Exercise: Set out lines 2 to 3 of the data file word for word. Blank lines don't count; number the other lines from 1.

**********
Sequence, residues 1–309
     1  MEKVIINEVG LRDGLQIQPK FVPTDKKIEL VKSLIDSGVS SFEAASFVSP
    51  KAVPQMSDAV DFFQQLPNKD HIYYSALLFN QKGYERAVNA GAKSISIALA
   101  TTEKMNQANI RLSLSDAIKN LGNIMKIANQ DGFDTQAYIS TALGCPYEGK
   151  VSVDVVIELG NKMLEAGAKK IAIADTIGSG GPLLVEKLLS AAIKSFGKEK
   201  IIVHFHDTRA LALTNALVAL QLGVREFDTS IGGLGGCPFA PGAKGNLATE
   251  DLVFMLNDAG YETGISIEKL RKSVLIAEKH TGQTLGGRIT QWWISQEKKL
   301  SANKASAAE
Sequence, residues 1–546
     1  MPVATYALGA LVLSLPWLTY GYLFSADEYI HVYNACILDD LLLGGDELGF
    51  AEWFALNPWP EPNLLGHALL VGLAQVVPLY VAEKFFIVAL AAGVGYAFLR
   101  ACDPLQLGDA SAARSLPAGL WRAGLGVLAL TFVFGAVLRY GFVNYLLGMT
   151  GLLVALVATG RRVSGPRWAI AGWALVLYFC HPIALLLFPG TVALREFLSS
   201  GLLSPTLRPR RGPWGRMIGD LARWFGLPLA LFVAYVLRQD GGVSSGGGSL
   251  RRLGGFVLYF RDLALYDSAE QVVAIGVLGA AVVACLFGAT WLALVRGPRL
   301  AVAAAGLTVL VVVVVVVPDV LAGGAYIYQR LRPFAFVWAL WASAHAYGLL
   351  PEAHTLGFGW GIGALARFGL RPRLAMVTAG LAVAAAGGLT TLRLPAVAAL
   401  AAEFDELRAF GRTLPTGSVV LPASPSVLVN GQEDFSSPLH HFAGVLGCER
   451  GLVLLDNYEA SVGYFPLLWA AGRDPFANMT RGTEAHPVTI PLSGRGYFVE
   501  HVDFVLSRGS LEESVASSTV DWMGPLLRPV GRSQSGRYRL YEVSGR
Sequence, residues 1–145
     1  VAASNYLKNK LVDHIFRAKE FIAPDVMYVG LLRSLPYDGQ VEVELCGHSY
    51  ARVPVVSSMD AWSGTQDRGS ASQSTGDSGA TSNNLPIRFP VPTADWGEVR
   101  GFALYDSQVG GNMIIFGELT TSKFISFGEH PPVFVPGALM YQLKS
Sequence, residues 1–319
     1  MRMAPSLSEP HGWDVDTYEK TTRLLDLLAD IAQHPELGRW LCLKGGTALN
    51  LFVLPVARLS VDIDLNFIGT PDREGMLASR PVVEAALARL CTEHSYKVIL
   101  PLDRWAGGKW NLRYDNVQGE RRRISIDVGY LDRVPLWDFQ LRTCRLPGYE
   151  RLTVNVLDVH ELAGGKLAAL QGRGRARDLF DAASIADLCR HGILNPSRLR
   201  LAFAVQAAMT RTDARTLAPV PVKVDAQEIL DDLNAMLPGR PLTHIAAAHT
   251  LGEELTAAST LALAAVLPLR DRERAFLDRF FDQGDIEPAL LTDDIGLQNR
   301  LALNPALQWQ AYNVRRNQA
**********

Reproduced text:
     1  MEKVIINEVG LRDGLQIQPK FVPTDKKIEL VKSLIDSGVS SFEAASFVSP
    51  KAVPQMSDAV DFFQQLPNKD HIYYSALLFN QKGYERAVNA GAKSISIALA